It has now been acknowledged, however, that estimates of AIDS cases have been grossly exaggerated. The inflated numbers have been blamed on poor testing, a misleading diagnosis of AIDS in Africa, erroneous computer-generated estimates by the U.N., and the desperate desire to generate funds for global purposes. Author and journalist Tom Bethell calls it “the official manipulation of medical science.” 
The phony figures led one publication to run a story headlined, “Is the African AIDS pandemic a bluff?”  The British magazine, the Spectator, examined the evidence and declared, “Africa Isn’t Dying of AIDS.” The December 2003 article concluded by saying, “Who knows, they may defeat AIDS, but what if we wake up five years hence to discover that the problem has been blown up out of all proportion by unsound estimates, causing upwards of $20 billion to be wasted?”
In fact, U.S. funding for HIV/AIDS has already reached $200 billion since 1981. But that is not enough for the AIDS activists.
Despite the serious questions that have been raised about the AIDS campaign, AIDS science, and the use of anti-AIDS drugs, the Council on Foreign Relations issued an alarmist report entitled, “HIV and National Security: Where Are the Links?”  and the AIDS establishment has ramped up the rhetoric about the disease, calling it a “holocaust” that rivals the Nazi extermination campaign against the Jews.
David Bryden of the Global AIDS Alliance authored an inflammatory paper, “Call for a Grand Anglo-French Alliance to End the AIDS Holocaust,” arguing that the British and the French should integrate the IFF and the “Airline Solidarity Contribution,” beginning in 2007, and that Britain should implement a tax on foreign exchange transactions to help finance the IFF.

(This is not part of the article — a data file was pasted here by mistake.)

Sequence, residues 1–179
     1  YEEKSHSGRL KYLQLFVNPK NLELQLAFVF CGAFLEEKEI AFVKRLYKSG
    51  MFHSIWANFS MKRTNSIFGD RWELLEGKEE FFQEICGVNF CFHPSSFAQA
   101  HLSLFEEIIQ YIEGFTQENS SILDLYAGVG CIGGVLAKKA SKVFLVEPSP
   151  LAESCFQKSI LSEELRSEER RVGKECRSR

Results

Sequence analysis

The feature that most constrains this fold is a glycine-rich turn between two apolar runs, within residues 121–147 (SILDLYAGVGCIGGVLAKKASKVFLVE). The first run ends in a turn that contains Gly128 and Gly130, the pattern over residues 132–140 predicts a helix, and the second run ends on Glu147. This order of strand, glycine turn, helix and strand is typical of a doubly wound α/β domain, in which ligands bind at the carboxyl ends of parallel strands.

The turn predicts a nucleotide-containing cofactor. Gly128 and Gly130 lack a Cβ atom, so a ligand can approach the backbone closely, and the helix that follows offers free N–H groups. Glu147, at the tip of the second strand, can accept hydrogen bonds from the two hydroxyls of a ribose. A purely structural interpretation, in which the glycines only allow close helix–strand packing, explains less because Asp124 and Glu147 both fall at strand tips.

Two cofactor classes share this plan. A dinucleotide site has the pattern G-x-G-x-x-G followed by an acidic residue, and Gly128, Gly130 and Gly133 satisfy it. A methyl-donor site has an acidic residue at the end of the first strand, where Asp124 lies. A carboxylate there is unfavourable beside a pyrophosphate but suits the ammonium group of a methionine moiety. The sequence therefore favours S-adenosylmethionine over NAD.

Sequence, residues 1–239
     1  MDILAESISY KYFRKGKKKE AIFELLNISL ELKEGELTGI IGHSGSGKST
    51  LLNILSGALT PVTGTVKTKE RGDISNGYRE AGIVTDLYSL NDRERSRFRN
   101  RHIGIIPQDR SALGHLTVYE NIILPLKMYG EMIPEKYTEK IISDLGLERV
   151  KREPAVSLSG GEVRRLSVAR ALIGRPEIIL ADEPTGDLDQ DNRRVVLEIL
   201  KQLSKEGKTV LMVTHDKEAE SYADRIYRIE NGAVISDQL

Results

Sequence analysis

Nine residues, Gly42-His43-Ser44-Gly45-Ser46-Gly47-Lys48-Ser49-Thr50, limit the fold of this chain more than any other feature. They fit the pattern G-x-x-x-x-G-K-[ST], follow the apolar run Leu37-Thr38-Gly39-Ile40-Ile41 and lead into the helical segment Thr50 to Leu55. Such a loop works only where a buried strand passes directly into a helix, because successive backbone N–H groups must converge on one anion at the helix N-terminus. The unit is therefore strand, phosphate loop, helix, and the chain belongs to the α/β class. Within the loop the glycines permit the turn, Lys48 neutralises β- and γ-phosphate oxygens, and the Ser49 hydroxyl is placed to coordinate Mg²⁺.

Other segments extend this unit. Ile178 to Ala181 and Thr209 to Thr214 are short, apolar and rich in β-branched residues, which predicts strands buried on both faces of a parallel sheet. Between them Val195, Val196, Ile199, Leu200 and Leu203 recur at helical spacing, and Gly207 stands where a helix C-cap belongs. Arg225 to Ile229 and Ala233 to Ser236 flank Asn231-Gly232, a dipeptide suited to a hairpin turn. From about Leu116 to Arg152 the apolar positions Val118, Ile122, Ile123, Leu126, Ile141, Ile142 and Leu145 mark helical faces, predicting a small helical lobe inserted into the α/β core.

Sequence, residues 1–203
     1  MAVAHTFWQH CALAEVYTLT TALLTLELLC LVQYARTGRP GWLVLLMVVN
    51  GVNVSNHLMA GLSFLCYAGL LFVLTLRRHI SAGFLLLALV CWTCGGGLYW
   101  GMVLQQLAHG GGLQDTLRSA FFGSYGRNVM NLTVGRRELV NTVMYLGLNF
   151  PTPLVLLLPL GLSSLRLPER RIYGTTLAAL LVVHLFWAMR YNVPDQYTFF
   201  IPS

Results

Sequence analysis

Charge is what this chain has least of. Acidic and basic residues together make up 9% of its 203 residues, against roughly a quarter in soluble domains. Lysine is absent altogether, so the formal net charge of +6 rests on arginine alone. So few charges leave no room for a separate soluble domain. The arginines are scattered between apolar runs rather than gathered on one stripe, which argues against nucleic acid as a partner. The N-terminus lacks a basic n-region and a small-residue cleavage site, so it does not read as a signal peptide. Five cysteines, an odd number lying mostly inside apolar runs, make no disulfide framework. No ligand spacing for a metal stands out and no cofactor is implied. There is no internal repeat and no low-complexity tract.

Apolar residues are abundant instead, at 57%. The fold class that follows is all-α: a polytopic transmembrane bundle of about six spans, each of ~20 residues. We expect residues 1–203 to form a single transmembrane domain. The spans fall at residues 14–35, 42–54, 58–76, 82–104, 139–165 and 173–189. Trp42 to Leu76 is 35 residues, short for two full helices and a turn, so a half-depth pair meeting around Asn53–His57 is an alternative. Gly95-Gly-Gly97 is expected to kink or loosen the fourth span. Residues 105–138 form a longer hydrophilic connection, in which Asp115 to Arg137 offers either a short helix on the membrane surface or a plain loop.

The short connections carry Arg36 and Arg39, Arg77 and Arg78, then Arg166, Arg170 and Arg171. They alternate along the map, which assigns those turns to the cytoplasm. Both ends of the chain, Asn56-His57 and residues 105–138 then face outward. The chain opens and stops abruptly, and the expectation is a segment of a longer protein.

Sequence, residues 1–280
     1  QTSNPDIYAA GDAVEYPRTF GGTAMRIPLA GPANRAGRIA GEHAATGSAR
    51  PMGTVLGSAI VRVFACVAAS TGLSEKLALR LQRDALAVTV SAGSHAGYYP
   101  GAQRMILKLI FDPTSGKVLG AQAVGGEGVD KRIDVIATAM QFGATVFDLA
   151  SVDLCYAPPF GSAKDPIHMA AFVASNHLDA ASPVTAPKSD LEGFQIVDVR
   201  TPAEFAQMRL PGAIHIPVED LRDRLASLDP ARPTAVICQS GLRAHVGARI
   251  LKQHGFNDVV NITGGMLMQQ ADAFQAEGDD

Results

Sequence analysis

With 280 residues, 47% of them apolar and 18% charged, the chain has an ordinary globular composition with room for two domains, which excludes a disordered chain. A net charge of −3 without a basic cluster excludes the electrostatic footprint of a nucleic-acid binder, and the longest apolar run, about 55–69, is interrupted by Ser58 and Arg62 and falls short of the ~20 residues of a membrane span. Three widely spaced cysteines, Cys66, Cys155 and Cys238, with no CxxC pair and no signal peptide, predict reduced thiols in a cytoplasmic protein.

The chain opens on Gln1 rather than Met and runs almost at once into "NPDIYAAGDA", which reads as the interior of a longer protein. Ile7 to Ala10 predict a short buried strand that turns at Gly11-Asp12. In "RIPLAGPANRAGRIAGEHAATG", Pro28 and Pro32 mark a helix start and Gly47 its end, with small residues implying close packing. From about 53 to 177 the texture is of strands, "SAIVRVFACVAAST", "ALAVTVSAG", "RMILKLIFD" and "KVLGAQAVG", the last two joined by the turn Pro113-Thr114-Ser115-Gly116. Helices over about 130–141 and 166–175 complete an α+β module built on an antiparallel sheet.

On the global level, an international tax on financial transactions, the “Tobin Tax,” has been a popular proposal to generate more money for the U.N. and other international agencies. Steven Solomon, a former staff reporter at Forbes, says that such a proposal “might net some $13 trillion a year…”
In the report, Bryden also suggests that the U.S. should commit to spending more on foreign aid by eliminating or reducing “tax cuts for the wealthy” and cutting back on military spending.
In justifying the international taxation efforts, Paul Zeitz, Director of the Global AIDS Alliance, declared that AIDS is comparable to the threat posed by Hitler’s Nazi regime.
"We learn from the history of the 1930s that threats to our security cannot be dealt with by attitudes of 'appeasement',” he declared. “Today, the threat posed to global security by the AIDS holocaust means governments must exercise bold leadership, share big ideas and develop common strategies.”
In an attack on the Bush Administration, he said, “Given that the world's superpower refuses effectively to exercise such leadership, or mobilize the scale of funds needed, a grand Anglo-French Alliance is now vital to end the AIDS holocaust. We urge the British and French to bury their differences and rivalry, and to merge their respective proposals."